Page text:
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(AP) U.S-led forces battled and bombed Iraqi troops across a large arc south of Baghdad on Tuesday in anticipation of a move against the capital. "The circle is closing" on Saddam Hussein, said Defense Secretary Donald H. Rumsfeld.
Warplanes unleashed a thunderous nighttime barrage against Republican Guard units positioned around Karbala, about 50 miles from the capital. On the outskirts of Nasiriyah, scene of fierce fighting in recent days, an armored Marine unit rolled up to a huge walled police compound -- and found it abandoned by Iraqis.
And in Basra, a city of 1.3 million people near the Kuwait border, warplanes dropped 500-pound and 1,000-pound laser-guided bombs on an Iraqi intelligence complex in an effort to dislodge die-hard defenders who have kept British forces at bay for days.
After nearly two weeks of war, the Iraqi regime showed nothing but defiance. Responding to a suggestion from a Saudi official that Saddam step down to spare his country, Iraqi Vice President Taha Yassin Ramadan replied: "Go to hell."
Still, American and British commanders said there were increasing signs that Iraqi civilians were shedding their initial reluctance to assist forces fighting Saddam's regime.
Lights went on for the first time in months in the port city of Umm Qasr, firmly under British control, and some British forces in southern Iraq were wearing berets in public, shedding their more warlike helmets in areas deemed safe. Fresh water also began flowing into Umm Qasr from a pipeline in neighboring in Kuwait.
The American and British bombing was constant -- large explosions reverberated around Baghdad -- punctuated by a series of small ground engagements south of the capital.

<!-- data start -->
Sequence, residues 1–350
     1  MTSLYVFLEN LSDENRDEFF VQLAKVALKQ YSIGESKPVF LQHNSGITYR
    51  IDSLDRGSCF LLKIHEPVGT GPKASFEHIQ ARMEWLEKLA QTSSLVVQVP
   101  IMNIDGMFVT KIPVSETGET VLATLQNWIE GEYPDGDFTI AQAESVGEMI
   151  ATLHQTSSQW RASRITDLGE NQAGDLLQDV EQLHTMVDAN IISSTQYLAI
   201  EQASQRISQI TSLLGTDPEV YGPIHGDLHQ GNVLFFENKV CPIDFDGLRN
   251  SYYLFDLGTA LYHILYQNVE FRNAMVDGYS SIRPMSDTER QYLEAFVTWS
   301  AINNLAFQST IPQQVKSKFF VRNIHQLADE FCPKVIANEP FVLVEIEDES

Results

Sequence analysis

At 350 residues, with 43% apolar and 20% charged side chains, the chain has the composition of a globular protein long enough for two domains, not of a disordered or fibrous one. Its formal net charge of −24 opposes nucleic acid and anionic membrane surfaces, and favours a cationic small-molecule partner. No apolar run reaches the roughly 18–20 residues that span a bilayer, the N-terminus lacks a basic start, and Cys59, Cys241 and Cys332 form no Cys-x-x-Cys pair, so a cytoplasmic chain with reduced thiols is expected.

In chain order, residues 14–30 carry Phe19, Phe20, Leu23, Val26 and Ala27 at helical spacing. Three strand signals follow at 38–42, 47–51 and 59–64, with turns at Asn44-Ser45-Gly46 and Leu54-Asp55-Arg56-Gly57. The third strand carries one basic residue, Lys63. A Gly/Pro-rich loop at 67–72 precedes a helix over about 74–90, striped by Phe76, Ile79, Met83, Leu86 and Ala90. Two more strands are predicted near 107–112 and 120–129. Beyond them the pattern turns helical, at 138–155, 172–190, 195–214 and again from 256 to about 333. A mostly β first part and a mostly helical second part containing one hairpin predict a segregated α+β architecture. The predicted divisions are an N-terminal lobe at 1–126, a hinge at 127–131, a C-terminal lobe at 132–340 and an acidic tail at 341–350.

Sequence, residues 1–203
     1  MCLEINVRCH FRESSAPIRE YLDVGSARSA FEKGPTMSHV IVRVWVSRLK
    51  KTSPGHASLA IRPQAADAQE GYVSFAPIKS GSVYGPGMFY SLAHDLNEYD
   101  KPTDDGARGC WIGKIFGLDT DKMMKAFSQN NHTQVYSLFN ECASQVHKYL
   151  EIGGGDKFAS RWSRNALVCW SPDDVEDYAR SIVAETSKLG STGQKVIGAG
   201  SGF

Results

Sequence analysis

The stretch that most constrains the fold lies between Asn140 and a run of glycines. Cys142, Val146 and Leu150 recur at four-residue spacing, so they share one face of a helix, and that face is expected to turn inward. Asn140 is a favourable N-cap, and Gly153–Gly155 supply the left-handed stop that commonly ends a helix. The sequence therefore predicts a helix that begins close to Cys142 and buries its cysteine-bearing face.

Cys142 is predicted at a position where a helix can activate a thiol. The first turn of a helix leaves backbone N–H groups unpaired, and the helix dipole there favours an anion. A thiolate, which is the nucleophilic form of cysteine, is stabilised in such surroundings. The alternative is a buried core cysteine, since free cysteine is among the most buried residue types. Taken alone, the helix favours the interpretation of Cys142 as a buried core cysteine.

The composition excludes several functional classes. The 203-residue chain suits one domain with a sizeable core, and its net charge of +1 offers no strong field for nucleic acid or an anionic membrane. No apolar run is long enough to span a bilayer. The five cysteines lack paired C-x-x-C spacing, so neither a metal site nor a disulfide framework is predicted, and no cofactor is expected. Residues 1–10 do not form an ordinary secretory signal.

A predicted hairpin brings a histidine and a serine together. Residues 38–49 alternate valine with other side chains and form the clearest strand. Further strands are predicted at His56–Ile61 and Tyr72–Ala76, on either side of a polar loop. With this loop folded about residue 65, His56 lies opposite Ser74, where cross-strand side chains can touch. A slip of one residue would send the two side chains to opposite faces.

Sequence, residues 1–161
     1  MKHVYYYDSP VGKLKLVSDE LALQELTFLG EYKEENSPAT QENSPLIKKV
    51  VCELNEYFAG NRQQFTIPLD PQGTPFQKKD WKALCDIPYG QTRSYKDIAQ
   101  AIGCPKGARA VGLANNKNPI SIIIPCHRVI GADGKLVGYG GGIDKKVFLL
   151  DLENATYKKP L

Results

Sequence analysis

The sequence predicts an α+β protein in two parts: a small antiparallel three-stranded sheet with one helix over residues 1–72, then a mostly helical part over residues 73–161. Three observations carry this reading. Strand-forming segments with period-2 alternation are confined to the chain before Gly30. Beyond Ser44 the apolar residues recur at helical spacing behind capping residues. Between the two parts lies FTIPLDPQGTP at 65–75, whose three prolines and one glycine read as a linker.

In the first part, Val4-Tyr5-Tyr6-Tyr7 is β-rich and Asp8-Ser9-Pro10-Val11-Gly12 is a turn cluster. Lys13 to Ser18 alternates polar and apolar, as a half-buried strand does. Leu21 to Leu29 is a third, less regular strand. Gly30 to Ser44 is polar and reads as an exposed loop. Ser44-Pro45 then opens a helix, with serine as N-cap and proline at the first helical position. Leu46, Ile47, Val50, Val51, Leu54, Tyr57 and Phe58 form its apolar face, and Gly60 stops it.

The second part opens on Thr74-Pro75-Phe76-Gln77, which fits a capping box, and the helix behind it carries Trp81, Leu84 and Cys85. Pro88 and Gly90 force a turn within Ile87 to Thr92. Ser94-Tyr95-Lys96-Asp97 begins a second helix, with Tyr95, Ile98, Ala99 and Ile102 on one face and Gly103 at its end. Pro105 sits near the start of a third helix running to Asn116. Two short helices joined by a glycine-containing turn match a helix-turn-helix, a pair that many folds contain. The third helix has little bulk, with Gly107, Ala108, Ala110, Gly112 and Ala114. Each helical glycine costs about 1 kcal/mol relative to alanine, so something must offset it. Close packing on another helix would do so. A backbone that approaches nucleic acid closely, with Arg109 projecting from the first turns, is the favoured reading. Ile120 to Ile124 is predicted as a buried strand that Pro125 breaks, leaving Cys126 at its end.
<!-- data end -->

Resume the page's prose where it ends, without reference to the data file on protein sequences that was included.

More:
A Marine official said heavy bombing was carried out around Kut, a city southeast of Baghdad, adding that ground forces have secured an air base further to the south, at Qalat Sukkar, that could be used as a staging ground.
Further to the southwest, Marines claimed to have killed at least 75 Iraqi soldiers and taken three or four dozens prisoners in fighting near Diwaniyah. According to reports from the field, troops on a reconnaissance mission found fortified Iraqi positions along a line leading several miles to the city.
"They were shooting from buildings, from dugout positions, from holes, from everywhere," Cpl. Patrick Irish said of the Iraqis.
Marines took no chances with prisoners, bulldozing a pit, then surrounding it with barbed wire. Before a POW was put inside, he was blindfolded and searched, one Marine pinning down his feet, another his arms, and a third pointing an M16 rifle at his head.
There was fresh bombing in the area of Karbala, southwest of Baghdad, where the Medina Division of the Republican Guard -- possibly augmented by other, repositioned units of Saddam's best trained and best equipped troops -- was defending the approach to the capital against U.S. infantry.
"It's nice to look up and know that everything up there is friendly," 1st Lt. Eric Hooper said as planes flew overheard.
"What you're seeing today on the battlefield in Iraq is a continuation of prepping the battlefield for a major encounter with the Republican Guard," said Navy Capt. Frank Thorp.